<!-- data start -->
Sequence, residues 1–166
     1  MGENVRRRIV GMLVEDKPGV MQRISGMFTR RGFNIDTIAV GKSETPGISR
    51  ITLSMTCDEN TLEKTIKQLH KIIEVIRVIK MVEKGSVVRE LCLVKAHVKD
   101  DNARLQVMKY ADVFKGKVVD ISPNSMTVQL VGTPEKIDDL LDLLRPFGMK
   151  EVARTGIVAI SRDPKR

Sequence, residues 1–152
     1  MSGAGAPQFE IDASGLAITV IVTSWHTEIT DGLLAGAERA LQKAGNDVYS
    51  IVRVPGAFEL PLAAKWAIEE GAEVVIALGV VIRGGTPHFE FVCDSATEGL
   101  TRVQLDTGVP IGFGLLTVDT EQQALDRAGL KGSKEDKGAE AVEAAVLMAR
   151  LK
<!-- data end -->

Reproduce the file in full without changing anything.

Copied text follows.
Sequence, residues 1–166
     1  MGENVRRRIV GMLVEDKPGV MQRISGMFTR RGFNIDTIAV GKSETPGISR
    51  ITLSMTCDEN TLEKTIKQLH KIIEVIRVIK MVEKGSVVRE LCLVKAHVKD
   101  DNARLQVMKY ADVFKGKVVD ISPNSMTVQL VGTPEKIDDL LDLLRPFGMK
   151  EVARTGIVAI SRDPKR

Sequence, residues 1–152
     1  MSGAGAPQFE IDASGLAITV IVTSWHTEIT DGLLAGAERA LQKAGNDVYS
    51  IVRVPGAFEL PLAAKWAIEE GAEVVIALGV VIRGGTPHFE FVCDSATEGL
   101  TRVQLDTGVP IGFGLLTVDT EQQALDRAGL KGSKEDKGAE AVEAAVLMAR
   151  LK